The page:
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Real time polyp diagnosis: where do we go from here?
  1. Heiko Pohl1,2
  1. 1Department of Gastroenterology, VA Medical Center, White River Junction, Vermont, USA
  2. 2Department of Gastroenterology, Dartmouth-Hitchcock Medical Center, Lebanon, New Hampshire, USA
  1. Correspondence to Heiko Pohl, Department of Gastroenterology, VA Medical Center, 215 North Main Street, White River Junction, VT 05009, USA;{at}

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Gastroenterology is in many ways a technology-driven field. One might expect rapid gains and advancements; however, incorporation of new technology is not easy for many reasons. Most importantly this is medicine. It is not about the best gadget that will boost the bottom line. We need to do right by our patients and their health. We need proof that a new technology works and that it can be implemented effectively and safely.

The approach to small polyps is a good example of how difficult it is to advance the field through technology. We have developed better imaging techniques—narrow band imaging (NBI), Fujinon intelligence chromoendoscopy, iScan and others—with the promise to predict polyp histology real time.1 ,2 Especially for diminutive polyps, real time diagnosis may improve efficiency, lower cost and improve patient safety.3–5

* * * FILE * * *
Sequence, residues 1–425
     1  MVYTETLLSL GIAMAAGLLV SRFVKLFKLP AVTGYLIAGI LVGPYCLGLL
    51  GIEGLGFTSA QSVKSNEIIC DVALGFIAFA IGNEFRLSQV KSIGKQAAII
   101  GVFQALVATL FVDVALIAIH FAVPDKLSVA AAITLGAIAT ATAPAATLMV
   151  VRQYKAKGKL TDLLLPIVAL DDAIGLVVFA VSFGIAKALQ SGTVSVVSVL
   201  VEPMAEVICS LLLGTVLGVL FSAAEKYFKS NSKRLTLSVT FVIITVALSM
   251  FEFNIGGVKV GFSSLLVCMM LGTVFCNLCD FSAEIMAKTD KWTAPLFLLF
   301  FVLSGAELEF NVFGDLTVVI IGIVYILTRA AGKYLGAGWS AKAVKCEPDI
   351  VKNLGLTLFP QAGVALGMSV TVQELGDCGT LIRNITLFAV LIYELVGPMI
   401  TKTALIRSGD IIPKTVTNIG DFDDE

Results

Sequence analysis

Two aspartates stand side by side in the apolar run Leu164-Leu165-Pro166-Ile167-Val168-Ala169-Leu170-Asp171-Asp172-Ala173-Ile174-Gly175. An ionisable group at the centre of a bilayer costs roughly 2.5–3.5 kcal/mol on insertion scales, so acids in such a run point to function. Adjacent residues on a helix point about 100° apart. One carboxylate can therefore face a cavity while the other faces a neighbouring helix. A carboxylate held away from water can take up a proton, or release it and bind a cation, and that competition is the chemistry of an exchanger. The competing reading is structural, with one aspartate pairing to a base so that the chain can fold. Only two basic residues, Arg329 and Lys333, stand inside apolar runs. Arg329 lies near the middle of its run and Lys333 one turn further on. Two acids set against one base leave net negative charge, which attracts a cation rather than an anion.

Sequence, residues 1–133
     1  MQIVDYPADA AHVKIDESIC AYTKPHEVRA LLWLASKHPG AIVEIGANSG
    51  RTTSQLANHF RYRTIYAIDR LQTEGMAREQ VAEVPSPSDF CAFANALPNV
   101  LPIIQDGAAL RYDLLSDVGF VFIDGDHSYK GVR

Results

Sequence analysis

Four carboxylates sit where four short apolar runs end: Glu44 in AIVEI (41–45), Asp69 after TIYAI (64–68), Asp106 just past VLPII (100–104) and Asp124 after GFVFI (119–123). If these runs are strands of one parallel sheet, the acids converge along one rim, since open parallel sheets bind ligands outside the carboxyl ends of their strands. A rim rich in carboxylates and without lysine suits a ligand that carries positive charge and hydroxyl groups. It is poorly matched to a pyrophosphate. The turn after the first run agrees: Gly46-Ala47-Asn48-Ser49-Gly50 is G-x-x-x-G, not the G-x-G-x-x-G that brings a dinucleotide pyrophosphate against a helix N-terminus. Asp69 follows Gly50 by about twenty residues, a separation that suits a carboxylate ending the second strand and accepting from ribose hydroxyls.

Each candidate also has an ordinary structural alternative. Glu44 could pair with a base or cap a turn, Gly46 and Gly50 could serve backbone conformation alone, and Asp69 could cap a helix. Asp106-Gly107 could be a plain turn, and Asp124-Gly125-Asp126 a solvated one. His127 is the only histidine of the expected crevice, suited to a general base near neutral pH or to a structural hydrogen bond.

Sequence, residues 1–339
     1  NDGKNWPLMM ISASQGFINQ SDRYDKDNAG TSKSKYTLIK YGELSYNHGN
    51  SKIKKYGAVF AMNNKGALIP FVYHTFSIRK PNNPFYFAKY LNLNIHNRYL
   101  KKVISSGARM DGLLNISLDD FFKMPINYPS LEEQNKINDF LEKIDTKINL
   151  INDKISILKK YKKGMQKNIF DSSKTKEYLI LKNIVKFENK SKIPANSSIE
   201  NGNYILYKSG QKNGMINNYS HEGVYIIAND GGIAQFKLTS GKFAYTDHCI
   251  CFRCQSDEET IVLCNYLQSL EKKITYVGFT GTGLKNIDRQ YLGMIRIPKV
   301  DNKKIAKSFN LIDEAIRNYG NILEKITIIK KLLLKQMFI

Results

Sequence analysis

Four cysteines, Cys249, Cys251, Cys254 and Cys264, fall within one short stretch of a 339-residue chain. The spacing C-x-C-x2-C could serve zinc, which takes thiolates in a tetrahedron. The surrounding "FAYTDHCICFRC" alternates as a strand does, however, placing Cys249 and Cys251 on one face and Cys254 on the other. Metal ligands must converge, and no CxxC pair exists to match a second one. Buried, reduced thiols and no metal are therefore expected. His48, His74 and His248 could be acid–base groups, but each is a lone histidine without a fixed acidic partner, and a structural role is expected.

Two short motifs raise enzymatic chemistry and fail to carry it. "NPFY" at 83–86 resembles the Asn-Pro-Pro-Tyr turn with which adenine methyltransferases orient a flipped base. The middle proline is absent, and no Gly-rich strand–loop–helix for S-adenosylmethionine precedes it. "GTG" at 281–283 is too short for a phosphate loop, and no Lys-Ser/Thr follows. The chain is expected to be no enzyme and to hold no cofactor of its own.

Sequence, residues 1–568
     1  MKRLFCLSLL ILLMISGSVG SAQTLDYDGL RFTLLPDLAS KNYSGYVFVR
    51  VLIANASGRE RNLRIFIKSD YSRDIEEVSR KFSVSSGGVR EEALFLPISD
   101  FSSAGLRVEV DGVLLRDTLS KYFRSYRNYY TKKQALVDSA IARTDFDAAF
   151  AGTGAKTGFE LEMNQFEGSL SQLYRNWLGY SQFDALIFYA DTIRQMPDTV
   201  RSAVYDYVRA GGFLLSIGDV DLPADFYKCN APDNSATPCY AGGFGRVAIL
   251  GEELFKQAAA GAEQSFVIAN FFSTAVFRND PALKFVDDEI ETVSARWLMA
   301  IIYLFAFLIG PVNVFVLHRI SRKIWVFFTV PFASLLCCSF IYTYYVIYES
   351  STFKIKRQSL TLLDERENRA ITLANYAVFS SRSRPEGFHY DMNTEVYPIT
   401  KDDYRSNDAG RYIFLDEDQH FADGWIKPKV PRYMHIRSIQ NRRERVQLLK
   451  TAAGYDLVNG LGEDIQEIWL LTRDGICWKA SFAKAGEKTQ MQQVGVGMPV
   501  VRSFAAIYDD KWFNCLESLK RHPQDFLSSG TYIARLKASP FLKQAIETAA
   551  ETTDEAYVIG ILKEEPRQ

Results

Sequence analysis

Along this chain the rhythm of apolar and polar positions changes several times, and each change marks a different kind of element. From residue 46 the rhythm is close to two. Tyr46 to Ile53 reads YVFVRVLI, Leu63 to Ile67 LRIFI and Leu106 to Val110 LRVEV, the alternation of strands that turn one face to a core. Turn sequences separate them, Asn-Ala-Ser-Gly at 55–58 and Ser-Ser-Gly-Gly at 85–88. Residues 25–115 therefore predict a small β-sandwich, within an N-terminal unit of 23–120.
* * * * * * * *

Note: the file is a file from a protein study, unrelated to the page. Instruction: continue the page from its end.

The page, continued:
But what is really needed to bring real time polyp diagnosis into clinical practice? The American Society of Gastrointestinal Endoscopy led Preservation and Incorporation of Valuable endoscopic Innovations (PIVI) initiative has provided a roadmap and suggested thresholds that need to be met before incorporating two changes to our clinical practice of polyp resection:2

  1. Confidently diagnosed diminutive polyps can be resected and discarded if the recommended surveillance interval that is based on real time diagnosis agrees with the surveillance interval based on the pathology in at least 90% of patients.

  2. Confidently diagnosed diminutive hyperplastic …

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  • Competing interests None.

  • Provenance and peer review Commissioned; internally peer reviewed.

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